cataract surgery procedure melbourne

Cataract Surgery Procedure – What You Need to Expect on the Treatment?

Tens of thousands of eyes undergo a cataract surgery procedure every day around the globe. However, despite cataracts and cataract surgery operations being so prevalent, many are unsure of what to expect during the procedure, let alone what might be involved in the lead-up to surgery or during the post-op recovery. Here is an idea of what you might experience before, during, and after your cataract surgery procedure.


Before Your Cataract Surgery Procedure

The decision to proceed with cataract surgery is made between you and your optometrist or ophthalmologist. You may have found that your vision was no longer adequate for your needs, such as your work requirements or simply to be able to watch TV comfortably. From here, there are a few other decisions to be made, including whether you wish to have your operation via the public or private health system. The public system is free but often has quite long waiting lists of months to a year. Conversely, a private ophthalmologist will likely be able to see you in a matter of a couple of weeks but will often incur significant out of pocket costs, even with private health insurance.

Once you’ve settled on an eye surgeon to perform your cataract surgery, you will need an initial consultation. During this appointment, your ophthalmologist will conduct a comprehensive examination. The point of this examination is to assess your vision and the extent to which your function is impaired, as well as the overall health of your eyes. Doing this enables your ophthalmologist to take precautions against any increased risk of potential complications as well as prepare you with realistic expectations of your cataract surgery

Before you enter the operating theatre, you and your surgeon must also discuss which intraocular lens implant you wish to replace your cataracts once they’re removed. An intraocular lens implant is an artificial lens that can be calculated to correct the prescription of your eyes. The measurements for these calculations are taken at your pre-operative appointments.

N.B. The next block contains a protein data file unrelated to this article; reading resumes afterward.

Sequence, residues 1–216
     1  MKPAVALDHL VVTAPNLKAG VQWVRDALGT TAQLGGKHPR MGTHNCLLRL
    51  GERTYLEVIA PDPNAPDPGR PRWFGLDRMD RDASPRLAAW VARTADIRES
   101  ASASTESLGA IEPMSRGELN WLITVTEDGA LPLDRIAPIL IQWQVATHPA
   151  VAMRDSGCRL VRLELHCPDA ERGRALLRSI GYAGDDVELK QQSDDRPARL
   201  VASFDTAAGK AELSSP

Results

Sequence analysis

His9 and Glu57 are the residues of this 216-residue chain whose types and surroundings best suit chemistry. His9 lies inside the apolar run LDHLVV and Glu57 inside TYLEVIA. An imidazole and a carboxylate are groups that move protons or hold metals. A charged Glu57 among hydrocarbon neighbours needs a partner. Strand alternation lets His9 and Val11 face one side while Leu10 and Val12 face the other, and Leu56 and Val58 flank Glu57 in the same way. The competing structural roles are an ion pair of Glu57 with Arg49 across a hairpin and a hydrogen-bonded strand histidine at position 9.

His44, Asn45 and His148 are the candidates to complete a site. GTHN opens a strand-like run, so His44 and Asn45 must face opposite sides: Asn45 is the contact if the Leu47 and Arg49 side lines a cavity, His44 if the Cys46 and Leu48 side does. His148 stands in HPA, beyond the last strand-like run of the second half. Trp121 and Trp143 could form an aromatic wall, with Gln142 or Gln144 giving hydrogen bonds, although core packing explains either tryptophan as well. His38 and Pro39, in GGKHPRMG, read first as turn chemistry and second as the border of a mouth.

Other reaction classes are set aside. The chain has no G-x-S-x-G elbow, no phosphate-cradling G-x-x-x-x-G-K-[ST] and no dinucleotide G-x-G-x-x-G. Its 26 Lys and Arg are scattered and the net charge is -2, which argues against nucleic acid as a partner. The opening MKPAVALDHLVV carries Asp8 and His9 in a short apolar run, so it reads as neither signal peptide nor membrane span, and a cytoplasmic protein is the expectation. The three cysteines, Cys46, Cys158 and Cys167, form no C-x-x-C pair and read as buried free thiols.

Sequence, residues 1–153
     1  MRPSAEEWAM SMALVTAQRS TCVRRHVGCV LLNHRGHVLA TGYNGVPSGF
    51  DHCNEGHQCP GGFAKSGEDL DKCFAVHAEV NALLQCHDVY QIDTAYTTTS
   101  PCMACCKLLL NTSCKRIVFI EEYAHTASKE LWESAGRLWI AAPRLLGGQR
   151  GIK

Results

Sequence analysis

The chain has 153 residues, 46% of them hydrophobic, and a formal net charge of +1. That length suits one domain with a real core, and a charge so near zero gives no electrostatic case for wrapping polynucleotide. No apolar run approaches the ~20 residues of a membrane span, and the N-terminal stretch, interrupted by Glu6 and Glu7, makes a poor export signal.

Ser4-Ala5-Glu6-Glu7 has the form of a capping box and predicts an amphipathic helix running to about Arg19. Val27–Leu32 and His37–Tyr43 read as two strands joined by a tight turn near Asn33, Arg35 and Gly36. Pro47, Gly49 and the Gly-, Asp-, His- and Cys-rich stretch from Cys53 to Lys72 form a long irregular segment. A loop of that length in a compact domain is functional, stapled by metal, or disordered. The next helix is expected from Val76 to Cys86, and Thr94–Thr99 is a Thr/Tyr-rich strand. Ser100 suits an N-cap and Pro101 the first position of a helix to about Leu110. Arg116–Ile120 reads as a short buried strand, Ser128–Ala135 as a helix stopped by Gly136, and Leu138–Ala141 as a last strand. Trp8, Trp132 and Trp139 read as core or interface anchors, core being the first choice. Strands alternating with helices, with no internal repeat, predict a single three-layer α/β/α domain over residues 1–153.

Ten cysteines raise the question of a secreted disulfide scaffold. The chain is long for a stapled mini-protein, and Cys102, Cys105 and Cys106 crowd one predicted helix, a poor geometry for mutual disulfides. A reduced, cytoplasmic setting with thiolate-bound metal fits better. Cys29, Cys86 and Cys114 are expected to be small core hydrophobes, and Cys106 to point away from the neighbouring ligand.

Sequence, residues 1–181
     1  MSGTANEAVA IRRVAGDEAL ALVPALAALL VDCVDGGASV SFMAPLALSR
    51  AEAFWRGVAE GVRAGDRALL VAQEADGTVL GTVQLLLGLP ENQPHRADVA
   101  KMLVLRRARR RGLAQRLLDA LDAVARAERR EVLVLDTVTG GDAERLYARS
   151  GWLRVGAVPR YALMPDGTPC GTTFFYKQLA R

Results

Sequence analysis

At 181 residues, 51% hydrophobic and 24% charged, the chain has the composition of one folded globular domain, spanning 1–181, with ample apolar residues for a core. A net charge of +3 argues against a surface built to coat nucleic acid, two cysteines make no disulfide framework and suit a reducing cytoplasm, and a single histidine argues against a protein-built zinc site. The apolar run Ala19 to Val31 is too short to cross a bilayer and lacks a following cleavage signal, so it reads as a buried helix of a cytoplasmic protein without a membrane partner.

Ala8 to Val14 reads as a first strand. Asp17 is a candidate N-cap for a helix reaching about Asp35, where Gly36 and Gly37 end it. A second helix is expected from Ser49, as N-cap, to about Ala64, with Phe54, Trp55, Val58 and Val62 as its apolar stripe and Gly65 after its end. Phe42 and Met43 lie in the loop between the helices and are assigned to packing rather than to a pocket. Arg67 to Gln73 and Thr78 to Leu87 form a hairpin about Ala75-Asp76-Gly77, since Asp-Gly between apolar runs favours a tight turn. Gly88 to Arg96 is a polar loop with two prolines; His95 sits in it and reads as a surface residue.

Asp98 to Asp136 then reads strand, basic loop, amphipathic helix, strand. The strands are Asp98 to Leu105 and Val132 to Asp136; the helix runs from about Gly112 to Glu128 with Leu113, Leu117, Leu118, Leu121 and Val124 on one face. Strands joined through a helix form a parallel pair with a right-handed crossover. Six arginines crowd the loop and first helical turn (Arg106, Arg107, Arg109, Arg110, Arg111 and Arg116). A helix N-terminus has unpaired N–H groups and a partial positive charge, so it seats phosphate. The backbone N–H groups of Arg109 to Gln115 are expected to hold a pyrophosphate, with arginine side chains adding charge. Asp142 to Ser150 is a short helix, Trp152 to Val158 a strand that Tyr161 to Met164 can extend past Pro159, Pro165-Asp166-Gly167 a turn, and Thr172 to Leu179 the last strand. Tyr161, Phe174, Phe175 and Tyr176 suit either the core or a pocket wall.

treatment cataract surgery procedure melbourneIntraocular implants can be designed to correct one viewing distance, such as long or short vision, but also come in extended depth of focus or multifocal designs. Some patients may opt for an arrangement called monovision, which involves one eye having an intraocular lens that corrects for far-sight while the other eye’s implant corrects for near vision. Choosing an extended depth of focus, multifocal, or monovision arrangement can greatly reduce your need to wear glasses or contact lenses. 

If you’re found to have any inflammation around the eye, such as from blepharitis or dry eye, your ophthalmologist may start you on a treatment strategy to address this. Doing so will reduce your risk of infection during your cataract surgery procedure.


During Cataract Surgery

Cataract surgery is typically a quick, uncomplicated day procedure. You will be able to go home on the same day with someone to drive you. 

Topical anaesthetic eye drops or a local injection are used to numb the eye in preparation for cataract surgery. General anaesthesia is rarely used unless exceptional circumstances apply, such as a patient with a mental disability who is unable to comply with the surgeon’s instructions. However, if you are feeling particularly anxious or jittery, your ophthalmologist may offer you a light sedative to help calm your nerves. You’ll also have eye drops that dilate the pupil as wide as possible to give the surgeon easy access to the cataract behind it. 

Once you’re positioned on the operating table, the surgeon will ask you to fixate your eyes on a point overhead. During the surgery, you won’t feel any pain due to the anaesthesia, but you may experience some sensation of pressure.